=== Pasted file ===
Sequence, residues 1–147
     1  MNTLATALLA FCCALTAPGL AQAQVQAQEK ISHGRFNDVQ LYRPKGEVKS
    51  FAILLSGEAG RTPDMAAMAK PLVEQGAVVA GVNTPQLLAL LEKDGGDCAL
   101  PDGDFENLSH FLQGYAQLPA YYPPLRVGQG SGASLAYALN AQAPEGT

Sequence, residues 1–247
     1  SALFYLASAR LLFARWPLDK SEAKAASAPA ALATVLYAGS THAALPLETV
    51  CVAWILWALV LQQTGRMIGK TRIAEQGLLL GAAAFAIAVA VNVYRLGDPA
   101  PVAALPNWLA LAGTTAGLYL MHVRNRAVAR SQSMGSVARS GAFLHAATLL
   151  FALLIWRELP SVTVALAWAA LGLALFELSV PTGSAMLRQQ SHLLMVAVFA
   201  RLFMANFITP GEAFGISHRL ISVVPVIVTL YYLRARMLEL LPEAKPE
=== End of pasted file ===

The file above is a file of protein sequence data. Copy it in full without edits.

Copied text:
Sequence, residues 1–147
     1  MNTLATALLA FCCALTAPGL AQAQVQAQEK ISHGRFNDVQ LYRPKGEVKS
    51  FAILLSGEAG RTPDMAAMAK PLVEQGAVVA GVNTPQLLAL LEKDGGDCAL
   101  PDGDFENLSH FLQGYAQLPA YYPPLRVGQG SGASLAYALN AQAPEGT

Sequence, residues 1–247
     1  SALFYLASAR LLFARWPLDK SEAKAASAPA ALATVLYAGS THAALPLETV
    51  CVAWILWALV LQQTGRMIGK TRIAEQGLLL GAAAFAIAVA VNVYRLGDPA
   101  PVAALPNWLA LAGTTAGLYL MHVRNRAVAR SQSMGSVARS GAFLHAATLL
   151  FALLIWRELP SVTVALAWAA LGLALFELSV PTGSAMLRQQ SHLLMVAVFA
   201  RLFMANFITP GEAFGISHRL ISVVPVIVTL YYLRARMLEL LPEAKPE